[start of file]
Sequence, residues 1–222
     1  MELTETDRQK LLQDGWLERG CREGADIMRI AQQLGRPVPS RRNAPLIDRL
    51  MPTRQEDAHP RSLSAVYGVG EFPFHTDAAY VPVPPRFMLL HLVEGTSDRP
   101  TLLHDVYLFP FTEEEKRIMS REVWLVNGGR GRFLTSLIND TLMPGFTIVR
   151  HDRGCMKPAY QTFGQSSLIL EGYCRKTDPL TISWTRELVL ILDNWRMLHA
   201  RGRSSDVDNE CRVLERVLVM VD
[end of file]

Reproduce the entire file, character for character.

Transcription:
Sequence, residues 1–222
     1  MELTETDRQK LLQDGWLERG CREGADIMRI AQQLGRPVPS RRNAPLIDRL
    51  MPTRQEDAHP RSLSAVYGVG EFPFHTDAAY VPVPPRFMLL HLVEGTSDRP
   101  TLLHDVYLFP FTEEEKRIMS REVWLVNGGR GRFLTSLIND TLMPGFTIVR
   151  HDRGCMKPAY QTFGQSSLIL EGYCRKTDPL TISWTRELVL ILDNWRMLHA
   201  RGRSSDVDNE CRVLERVLVM VD